Billbergia is just one genus within the large family of striking tropical plants called Bromeliads. Bromeliads, and especially Billbergias, are not the commonest indoor houseplant, but the unique flowers make them worth seeking out. Many Bromeliads are easy to care for, and Billbegia are among those carefree selections.

At right: Queen's tears bloom, by DG subscriber htop

The classic Queen's tears is Billbergia nutans. The name suggests a riches-to-rags story, but there doesn't seem to be one. The link to royalty may be the rich pink and purple on the magnificent blooms. The tears are drops of nectar that form on the flowers. Or just maybe it's the "weeping" form (like weeping cherry) of the flower spike itself that made someone think of tears. However it came about, the name draws attention to a fascinating and easy care plant. Like many Bromeliads, Queen's tears grows leathery, strap shaped arching leaves from a tight rosette. The leaves form a natural vase or funnel at the center. In the wild, this vase catches rainwater and droppings of whatever blows or creeps by. When Queen's tears blooms, a spike emerges from the center of the rosette. It gets longer, bends earthward, and blossoms into the complex and colorful flower you see above.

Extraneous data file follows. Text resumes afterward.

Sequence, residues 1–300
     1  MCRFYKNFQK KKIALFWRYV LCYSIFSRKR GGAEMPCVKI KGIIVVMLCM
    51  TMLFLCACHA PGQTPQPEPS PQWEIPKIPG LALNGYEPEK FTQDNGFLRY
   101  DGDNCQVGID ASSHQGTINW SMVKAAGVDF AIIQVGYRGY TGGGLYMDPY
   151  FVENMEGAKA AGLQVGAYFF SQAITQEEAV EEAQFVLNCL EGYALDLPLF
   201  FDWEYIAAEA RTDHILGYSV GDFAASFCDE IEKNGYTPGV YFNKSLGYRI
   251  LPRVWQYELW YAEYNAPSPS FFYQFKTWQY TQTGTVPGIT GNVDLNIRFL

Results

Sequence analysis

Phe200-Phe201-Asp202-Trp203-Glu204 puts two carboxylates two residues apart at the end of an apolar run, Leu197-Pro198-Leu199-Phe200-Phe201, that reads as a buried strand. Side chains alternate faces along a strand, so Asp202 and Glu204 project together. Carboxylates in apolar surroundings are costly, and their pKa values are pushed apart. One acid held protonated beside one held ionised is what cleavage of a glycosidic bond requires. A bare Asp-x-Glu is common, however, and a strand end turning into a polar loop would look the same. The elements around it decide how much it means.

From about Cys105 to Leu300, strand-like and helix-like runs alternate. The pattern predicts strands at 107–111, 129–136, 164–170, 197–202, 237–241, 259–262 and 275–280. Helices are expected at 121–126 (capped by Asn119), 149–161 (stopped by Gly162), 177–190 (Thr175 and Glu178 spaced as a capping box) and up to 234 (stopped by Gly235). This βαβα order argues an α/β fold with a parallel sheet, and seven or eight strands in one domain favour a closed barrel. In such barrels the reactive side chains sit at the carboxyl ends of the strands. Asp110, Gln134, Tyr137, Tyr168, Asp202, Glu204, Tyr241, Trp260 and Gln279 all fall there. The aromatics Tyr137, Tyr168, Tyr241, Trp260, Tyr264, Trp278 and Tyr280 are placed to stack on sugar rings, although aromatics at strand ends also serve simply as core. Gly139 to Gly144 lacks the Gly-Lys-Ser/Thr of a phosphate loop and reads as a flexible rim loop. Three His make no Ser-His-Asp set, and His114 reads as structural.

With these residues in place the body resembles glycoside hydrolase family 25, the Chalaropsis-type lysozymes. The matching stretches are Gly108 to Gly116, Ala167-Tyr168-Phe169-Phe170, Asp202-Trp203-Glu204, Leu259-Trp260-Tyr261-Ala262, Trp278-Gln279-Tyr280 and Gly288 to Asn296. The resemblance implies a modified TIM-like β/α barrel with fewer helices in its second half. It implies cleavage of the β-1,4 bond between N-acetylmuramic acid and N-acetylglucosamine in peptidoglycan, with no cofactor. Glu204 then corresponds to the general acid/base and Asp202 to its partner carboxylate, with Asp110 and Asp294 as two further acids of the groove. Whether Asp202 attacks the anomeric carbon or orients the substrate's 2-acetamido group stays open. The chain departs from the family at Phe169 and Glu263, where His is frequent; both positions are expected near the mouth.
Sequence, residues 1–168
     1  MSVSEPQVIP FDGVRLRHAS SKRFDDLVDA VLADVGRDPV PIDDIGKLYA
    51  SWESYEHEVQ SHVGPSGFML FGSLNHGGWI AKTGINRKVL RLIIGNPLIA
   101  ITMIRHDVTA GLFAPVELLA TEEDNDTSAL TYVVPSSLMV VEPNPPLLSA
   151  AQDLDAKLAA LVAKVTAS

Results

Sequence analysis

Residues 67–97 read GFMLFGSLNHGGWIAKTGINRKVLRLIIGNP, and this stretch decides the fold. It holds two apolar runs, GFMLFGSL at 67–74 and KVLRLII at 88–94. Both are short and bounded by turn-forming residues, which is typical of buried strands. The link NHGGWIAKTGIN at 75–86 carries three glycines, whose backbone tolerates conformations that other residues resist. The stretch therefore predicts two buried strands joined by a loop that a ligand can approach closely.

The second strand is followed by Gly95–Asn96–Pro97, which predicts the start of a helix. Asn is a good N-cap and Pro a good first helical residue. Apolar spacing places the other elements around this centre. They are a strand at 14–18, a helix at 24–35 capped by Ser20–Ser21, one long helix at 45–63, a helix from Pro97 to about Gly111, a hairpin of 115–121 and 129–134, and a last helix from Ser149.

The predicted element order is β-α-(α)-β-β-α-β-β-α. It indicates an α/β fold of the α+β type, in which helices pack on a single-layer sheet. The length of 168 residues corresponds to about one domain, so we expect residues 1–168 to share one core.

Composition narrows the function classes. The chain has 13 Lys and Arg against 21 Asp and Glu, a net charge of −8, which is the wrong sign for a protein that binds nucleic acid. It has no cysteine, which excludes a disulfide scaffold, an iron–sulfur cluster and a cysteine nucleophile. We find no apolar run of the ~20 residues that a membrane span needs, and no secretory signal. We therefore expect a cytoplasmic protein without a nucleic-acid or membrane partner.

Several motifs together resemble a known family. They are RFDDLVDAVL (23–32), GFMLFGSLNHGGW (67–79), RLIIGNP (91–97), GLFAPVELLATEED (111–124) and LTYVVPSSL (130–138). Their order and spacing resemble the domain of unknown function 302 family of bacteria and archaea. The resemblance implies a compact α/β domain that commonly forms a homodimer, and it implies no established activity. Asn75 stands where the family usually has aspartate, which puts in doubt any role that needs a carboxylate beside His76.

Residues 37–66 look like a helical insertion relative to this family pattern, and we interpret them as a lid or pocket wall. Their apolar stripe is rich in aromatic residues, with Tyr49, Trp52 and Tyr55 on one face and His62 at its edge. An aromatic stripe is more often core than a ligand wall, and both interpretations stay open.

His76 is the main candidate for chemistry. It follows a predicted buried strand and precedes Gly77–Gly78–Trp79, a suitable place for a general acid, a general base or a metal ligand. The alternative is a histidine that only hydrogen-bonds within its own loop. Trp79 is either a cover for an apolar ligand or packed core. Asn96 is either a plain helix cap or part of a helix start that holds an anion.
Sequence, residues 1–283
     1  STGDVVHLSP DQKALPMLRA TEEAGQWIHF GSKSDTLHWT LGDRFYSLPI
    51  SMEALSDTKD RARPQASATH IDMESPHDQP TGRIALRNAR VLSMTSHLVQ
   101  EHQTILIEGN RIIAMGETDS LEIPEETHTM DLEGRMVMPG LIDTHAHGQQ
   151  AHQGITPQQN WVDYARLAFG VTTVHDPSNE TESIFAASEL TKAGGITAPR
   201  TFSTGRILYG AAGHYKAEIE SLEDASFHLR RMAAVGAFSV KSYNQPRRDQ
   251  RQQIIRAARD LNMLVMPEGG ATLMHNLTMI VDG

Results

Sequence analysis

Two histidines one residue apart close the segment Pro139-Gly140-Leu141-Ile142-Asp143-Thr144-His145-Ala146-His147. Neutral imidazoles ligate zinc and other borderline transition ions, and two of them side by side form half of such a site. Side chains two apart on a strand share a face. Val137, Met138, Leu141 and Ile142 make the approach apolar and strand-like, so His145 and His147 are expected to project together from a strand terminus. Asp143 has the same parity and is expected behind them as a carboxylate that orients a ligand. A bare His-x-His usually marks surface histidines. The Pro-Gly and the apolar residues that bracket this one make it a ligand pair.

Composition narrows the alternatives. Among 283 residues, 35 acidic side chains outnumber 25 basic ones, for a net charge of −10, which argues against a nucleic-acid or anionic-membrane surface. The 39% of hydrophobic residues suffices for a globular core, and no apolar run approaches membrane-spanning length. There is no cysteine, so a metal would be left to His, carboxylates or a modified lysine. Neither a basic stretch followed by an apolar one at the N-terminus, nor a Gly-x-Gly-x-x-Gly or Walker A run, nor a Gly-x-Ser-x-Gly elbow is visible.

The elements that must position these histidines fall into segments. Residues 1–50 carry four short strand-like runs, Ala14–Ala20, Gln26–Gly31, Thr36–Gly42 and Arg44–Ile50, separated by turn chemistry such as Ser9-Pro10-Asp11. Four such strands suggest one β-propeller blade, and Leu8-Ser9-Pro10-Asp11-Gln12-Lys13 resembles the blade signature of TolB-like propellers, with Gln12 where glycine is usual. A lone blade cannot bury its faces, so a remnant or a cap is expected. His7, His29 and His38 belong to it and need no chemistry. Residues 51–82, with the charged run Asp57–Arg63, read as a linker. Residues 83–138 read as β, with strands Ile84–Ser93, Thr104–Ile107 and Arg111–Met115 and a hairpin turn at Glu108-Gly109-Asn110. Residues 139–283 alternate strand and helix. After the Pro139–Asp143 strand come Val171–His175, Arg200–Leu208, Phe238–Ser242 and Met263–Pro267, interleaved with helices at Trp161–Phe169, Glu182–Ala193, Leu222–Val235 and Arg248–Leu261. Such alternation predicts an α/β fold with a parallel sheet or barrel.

Another familiar name for Billbergia is "friendship plant." That's a reference to the prolific "pupping" of the plants, and the ease with which owners can pass those plants along. When a mother plant blooms, that particular rosette then enters a phase of growing offshoots. Often the main rosette produces two pups at a time. You can imagine then how a pot might suddenly fill up with spears of young Billbergia.

Image B. pyramidalis by Jwgloverii, on Wikipedia